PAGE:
By Martin Kraft, CC BY-SA 3.0, Link

February 14, 2020; New York Times and The Root

Last week, the University of North Carolina (UNC) system’s board of governors learned a hard lesson. An agreement they hoped would quietly end the saga of “Silent Sam,” a monument erected to honor Confederate soldiers, was voided by Judge Allen Baddour of the Orange County Superior Court. With this decision, UNC finds itself again facing the reality of slavery’s legacy and those who wish to sweep it away.

Erected in 1913, “Silent Sam” is one of hundreds of monuments erected long after the Civil War ended in a sweeping effort to sugarcoat the bitter legacy of the South and consolidate Jim Crow racial segregation. According to James L. Leloudis, a professor of history at the University of North Carolina at Chapel Hill, as reported by the New York Times, “Today, people often read the monuments as veterans memorials. But the people who erected the monuments went out of their way to make it clear that they honored the living as well as the dead, and most particularly, those ex-Confederates who returned from war and committed themselves to the long, bloody, and ultimately successful effort to re-establish white supremacy.”

For more than 100 years, Sam stood quietly on the UNC campus, proclaiming the nobility of fighting for the South’s cause and ignoring the horror of enslavement. The university allowed him a place of honor until 2018, when protesters tore Sam down, spurred by the national awakening to the reality these statues tried to hide.

Those supportive of Sam’s message quickly responded with their own protests. Citing a state law passed in 2015 forbidding the removal of monuments from public spaces, the Sons of Confederate Veterans, an organization that believes “the citizen-soldiers who fought for the Confederacy personified the best qualities of America,” threatened to go to court to force UNC to return Sam to his place on campus.

The board of governors temporarily removed the statue to a safe, nonpublic spot while a resolution was sought. They hoped they could satisfy everyone without being forced to choose sides. They ignored the need to answer, as Diandria Barber noted for NPQ, African American students and faculty as they asked, “Will reconciliation ever really take place?” In other words, they wanted to make the issue go away.

Quietly, and with no public process, UNC reached an agreement with the Sons of Confederate Veterans. The Sons would be given the statue and a $2.5 million endowment so they could place it in a new public site. The threatened suit would go away, and the statue, though not on campus, would still stand. Ripley Rand, a lawyer for the board, explained the university’s approach: “The Board of Governors knew from the very beginning that this was a difficult but needed solution to meet all their goals to protect public safety of the university community, restore normality to campus, and be compliant with the Monuments Law.”

The hope that there was a way to make everyone happy was soon dashed. The university soon found itself facing a suit from Sam’s foes:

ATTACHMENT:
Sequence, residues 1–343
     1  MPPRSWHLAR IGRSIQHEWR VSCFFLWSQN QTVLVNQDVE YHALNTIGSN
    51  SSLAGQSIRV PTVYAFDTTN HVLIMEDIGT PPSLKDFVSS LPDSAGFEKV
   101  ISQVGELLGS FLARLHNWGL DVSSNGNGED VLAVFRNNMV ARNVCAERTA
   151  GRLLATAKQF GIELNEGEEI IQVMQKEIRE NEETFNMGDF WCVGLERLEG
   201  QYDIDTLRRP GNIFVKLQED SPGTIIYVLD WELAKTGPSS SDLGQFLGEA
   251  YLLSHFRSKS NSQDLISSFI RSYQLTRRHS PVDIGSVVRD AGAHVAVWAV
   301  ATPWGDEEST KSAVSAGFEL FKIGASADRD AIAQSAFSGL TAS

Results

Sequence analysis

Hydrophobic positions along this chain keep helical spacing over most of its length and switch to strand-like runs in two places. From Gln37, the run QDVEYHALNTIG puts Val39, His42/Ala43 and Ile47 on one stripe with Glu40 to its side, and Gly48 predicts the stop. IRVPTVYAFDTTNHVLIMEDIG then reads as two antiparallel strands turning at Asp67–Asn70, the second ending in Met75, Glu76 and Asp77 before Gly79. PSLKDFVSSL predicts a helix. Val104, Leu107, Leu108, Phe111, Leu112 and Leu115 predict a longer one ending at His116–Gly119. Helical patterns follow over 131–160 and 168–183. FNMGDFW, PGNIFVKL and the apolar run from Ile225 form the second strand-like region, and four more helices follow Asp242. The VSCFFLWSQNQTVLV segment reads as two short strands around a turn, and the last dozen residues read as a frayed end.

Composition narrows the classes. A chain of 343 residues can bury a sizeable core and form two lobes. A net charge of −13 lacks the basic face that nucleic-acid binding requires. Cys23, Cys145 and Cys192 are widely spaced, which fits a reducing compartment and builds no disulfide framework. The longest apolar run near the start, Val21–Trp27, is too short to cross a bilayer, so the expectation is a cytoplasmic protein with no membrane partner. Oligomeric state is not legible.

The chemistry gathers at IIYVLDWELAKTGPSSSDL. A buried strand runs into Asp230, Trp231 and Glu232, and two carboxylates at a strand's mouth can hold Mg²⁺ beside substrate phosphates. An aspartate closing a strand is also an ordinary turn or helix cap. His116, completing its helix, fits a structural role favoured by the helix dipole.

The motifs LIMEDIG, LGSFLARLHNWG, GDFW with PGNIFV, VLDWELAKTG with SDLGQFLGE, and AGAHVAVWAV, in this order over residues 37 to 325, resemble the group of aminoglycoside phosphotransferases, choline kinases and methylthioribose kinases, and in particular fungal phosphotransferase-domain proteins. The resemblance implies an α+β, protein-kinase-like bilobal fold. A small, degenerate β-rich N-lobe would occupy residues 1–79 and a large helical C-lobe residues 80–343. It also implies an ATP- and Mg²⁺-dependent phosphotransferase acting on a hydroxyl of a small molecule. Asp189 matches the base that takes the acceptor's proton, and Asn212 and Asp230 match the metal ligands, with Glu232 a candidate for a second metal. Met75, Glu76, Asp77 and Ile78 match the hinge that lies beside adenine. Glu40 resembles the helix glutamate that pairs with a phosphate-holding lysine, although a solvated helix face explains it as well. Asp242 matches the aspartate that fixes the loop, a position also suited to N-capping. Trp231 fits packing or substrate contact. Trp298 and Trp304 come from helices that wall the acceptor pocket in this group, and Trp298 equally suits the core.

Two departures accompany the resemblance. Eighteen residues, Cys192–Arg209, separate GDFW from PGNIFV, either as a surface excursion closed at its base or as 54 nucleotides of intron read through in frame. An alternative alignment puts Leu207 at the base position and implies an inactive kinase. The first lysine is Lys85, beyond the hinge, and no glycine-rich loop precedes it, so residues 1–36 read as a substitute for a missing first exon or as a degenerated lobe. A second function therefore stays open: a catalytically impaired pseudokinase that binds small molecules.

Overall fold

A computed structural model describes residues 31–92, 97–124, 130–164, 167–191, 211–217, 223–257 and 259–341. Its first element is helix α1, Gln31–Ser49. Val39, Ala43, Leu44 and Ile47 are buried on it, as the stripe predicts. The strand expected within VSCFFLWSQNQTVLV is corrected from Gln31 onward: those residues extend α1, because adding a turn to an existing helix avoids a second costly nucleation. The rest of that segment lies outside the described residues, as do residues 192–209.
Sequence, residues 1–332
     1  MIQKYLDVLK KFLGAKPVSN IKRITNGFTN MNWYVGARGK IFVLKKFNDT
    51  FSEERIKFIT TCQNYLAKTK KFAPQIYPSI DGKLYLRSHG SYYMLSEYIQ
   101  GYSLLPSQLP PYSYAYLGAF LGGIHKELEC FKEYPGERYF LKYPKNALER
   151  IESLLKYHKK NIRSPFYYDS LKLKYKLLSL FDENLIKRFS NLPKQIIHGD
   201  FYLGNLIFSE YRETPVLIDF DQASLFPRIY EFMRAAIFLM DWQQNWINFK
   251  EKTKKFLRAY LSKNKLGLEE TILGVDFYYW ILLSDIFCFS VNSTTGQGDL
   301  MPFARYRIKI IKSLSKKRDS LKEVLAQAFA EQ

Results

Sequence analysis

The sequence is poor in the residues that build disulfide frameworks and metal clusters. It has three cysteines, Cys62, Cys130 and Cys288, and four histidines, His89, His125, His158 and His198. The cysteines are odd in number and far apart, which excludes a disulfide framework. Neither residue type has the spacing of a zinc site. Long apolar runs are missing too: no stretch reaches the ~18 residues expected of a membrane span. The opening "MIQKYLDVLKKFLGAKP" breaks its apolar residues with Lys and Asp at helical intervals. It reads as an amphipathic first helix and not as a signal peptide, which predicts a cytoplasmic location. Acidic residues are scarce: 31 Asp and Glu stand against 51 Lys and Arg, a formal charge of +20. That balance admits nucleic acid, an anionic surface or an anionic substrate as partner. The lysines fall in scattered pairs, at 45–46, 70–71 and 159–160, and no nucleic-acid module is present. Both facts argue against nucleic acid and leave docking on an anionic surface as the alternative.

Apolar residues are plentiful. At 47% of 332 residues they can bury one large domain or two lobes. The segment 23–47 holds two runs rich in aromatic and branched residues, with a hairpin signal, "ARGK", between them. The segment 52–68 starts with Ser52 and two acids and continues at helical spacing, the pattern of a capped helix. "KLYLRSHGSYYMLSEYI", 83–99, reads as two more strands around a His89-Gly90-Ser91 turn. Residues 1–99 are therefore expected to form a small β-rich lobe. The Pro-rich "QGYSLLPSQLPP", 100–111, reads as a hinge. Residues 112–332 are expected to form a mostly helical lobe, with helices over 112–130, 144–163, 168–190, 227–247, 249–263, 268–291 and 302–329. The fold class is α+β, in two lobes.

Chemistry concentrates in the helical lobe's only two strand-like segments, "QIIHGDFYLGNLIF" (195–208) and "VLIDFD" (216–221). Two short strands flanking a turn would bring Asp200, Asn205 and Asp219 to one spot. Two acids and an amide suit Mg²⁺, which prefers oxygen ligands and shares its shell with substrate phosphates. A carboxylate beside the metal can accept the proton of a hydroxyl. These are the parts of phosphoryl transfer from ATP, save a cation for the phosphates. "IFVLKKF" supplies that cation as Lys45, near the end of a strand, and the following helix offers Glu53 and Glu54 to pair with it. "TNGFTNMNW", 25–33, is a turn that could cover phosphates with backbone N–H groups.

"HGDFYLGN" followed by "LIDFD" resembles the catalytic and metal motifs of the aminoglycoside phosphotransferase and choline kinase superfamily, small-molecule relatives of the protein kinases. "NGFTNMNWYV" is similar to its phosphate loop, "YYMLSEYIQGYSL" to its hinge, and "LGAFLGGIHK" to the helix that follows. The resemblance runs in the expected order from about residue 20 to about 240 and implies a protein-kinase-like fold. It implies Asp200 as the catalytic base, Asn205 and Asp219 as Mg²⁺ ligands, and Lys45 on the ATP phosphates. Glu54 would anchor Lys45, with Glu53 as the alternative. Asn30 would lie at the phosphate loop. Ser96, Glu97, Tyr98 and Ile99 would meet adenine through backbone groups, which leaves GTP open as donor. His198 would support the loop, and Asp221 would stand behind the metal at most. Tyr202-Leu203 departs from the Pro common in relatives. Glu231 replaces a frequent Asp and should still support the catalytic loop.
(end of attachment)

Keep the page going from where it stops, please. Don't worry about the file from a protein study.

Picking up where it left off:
Carl Adkins, a retired judge and one of the first black students to graduate from the university, was among a number of prominent alumni and donors—including Taylor Branch, the Pulitzer Prize-winning biographer of the Rev. Dr. Martin Luther King Jr., and Carla Overbeck, the former Olympic soccer captain—who joined a legal brief arguing the deal “seriously damages the reputation of the university, which should be committed to historical truth and opposed to modern-day white supremacy.”

William Sturkey, a historian at UNC Chapel Hill who specializes in the history of race in the American South, went even further in comments to the Times, calling the university’s actions “a clear case of corruption” between the board, whose 24 voting members were elected by the North Carolina General Assembly, and the Confederate group. “We need more rational, clearheaded voices—not just a small group of people making a back-room deal with a white nationalist organization,” he said. F. Sheffield Hale, the president and chief executive of the Atlanta History Center, which encourages community-driven discussions about Confederate monuments, made this point even more forcefully: “Chapel Hill is a special case, and it’s particularly special because it’s been going on so long, and it’s so heated, and every time they’ve tried to solve it, they’ve chosen the clumsiest way possible and made it worse.”

For Kristen Clark, president and executive director of the Lawyers’ Committee for Civil Rights Under Law, in comments reported by The Root, “This is a victory for students and faculty across the University of North Carolina system and for the people of North Carolina who viewed this settlement as fraudulent and the transfer of financing to be in direct conflict with the university’s mission.”

The board of governors must now know that it’s hard to finesse or dismiss difficult issues. Their desire to avoid having to own a position for fear of reprisal from those who disagree may be understandable, but it is untenable. This board, and every nonprofit board facing a similar choice, can neither abstain nor play ostrich. They need to decide what their mission calls upon them to do, what their obligation to be good institutional stewards calls upon them to do, and then act.—Martin Levine